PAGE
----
While it may be weeks or months before we know the full details of Dylann Storm Roof’s alleged attack on Emanuel African Methodist Episcopal Church in Charleston, S.C., the early reports are both heartbreaking and infuriating. Roof allegedly entered the church, attended a Bible study, sat next to its pastor — state senator Clementa Pinckney — and then opened fire. It’s hard to imagine a more callous and profane act.
It appears that the shooting was quite deliberate. He’s said to have reloaded five times during the course of the attack, allegedly even taking the time to talk to his victims. According to the New York Times, he said: “I have to do it. You rape our women and you’re taking over our country. And you have to go.” If these reports are true (again, it’s early), Charleston, S.C., has just suffered a race-motivated terror attack.
As I read the news and watched the coverage, I felt stricken for the victims, fury at the attacker, and more than a little personal conviction. Not because of any silly notions of collective white guilt or other nonsense peddled by the radical Left — and certainly not because I’ve long opposed the Left’s gun-control efforts and supported the individual, inherent right of self-defense, including the right to keep and bear arms. No, I felt conviction because of the numerous times that I’ve walked out of my house unarmed and thus largely incapable of defending myself — and, more important, others — from violent acts.
Perhaps I chose not to wear the right kind of clothing — pants that allow me to conceal my carry pistol, for example. Perhaps it crossed my mind to carry, but I thought, “I’m not going anywhere dangerous.” The men and women at the Emanuel Bible study probably didn’t think they were in any danger, either. When we go to the movies, or a political rally, or show up for work — or go to any of the sites of recent mass shootings or other acts of violence — danger is generally the last thought on our minds.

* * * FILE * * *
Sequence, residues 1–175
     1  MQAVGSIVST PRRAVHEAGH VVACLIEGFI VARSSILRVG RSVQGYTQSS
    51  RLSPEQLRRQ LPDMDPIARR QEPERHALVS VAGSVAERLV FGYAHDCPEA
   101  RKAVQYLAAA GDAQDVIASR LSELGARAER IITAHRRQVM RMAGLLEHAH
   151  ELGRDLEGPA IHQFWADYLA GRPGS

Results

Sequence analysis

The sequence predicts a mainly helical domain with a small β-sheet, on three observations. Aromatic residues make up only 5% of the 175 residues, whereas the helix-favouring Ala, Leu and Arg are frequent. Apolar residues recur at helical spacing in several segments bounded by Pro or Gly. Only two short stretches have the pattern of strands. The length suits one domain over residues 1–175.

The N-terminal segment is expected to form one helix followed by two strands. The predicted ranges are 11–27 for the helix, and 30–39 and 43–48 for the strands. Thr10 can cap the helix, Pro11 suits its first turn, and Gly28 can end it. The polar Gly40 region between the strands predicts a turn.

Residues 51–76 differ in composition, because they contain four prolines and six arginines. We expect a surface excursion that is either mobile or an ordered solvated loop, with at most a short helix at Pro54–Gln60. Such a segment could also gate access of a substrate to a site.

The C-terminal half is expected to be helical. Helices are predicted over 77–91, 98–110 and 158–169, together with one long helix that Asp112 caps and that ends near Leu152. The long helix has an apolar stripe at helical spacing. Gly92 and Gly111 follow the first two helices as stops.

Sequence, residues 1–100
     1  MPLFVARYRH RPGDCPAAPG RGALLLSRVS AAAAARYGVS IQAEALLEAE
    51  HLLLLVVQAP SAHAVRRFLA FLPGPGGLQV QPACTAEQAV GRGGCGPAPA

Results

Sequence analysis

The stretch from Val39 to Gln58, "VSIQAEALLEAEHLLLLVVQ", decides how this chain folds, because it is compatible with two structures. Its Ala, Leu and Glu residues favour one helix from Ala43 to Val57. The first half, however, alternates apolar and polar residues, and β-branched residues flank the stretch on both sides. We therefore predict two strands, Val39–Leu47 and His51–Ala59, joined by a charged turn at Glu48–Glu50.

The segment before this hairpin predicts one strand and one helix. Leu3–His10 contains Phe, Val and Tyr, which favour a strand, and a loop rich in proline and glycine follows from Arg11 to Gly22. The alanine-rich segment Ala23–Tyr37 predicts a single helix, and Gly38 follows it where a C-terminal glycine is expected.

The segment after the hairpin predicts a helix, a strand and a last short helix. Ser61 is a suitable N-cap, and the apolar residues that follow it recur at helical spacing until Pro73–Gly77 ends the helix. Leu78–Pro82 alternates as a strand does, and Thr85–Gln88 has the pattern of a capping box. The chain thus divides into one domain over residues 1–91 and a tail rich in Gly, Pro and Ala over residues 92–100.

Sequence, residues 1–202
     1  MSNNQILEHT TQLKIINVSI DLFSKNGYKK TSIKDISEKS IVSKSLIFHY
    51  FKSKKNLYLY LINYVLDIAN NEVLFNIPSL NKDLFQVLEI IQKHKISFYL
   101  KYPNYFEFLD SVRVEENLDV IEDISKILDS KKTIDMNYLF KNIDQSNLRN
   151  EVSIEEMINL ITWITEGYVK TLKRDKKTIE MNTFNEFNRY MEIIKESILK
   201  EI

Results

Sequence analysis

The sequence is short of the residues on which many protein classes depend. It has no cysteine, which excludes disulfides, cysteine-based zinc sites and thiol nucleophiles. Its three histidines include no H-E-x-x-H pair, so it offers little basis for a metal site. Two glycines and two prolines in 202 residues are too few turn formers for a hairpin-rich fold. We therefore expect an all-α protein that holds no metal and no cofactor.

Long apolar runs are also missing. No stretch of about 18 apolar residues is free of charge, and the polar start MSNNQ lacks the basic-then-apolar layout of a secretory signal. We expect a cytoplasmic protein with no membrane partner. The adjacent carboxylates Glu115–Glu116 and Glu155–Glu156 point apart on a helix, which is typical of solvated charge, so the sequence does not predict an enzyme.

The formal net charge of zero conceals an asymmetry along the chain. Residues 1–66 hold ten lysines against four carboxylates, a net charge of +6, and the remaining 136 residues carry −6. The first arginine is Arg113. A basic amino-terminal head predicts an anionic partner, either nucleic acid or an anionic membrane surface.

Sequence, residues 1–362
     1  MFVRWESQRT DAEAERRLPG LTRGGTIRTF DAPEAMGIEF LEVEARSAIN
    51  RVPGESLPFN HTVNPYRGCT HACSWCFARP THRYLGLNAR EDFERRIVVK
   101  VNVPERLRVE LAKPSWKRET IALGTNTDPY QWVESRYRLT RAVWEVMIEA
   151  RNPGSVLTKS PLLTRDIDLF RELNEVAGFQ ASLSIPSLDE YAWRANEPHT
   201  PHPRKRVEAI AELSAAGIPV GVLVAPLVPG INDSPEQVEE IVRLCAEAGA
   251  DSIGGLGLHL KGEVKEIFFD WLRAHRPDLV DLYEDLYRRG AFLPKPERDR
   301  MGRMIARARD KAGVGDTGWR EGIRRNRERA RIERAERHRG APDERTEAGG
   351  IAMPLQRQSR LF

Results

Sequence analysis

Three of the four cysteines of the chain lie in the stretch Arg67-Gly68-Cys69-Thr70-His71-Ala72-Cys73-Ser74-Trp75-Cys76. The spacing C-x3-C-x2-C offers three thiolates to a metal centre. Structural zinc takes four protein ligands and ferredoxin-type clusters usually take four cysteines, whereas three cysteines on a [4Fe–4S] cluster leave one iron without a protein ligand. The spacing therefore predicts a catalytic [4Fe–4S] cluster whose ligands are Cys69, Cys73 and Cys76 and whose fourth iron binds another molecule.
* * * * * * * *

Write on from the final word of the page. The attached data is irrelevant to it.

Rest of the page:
Yes, I know the chances of violence on any given day or at any given location are vanishingly small. Yes, I know that even if I’m traveling in higher-crime sections of my community, the odds are overwhelmingly good that I’ll be fine. But I know this: If the unthinkable happens, and I watch as my family, my friends, or even members of my community I’ve never met are hurt or killed when I could have prevented it by carrying the weapon I’ve trained myself to use, I could never forgive myself.
#related#Don’t just carry. Don’t just go to the state-mandated training, buy a weapon, and then forget about it. Unless you train yourself to use it, that weapon would probably be less useful to you in an emergency than a similarly weighted rock. At least you’d instinctively know to throw the rock. Practice with a handgun until you can take it from a position of safe carry to active engagement within seconds. Then practice that again until you’ve beaten your best time. Then practice again. And realize that practice isn’t a burden but a joy. Most people who go to shooting ranges enjoy the experience. Even gun-control activists often grudgingly admit how much they like the simple act of taking shots at paper targets.
None of this, of course, guarantees your personal safety. None of this guarantees that in a moment of maximum stress that you’ll make the right decision. There may come a day when an active shooter immediately guns down a concealed-carry permit holder and then continues with his rampage. Even though — as an Iraq vet — I’ve had far more training than the average American, I still don’t know how I’d respond to any given crisis until that crisis is upon me. Fight or flight is a call that has to be made in the moment, based on the totality of the circumstances. But a gun does give you options, and those options could well mean the difference between life and death, between one reload and five reloads, and between a clean conscience and a lifetime of guilt and pain.
— David French is an attorney and a staff writer at National Review.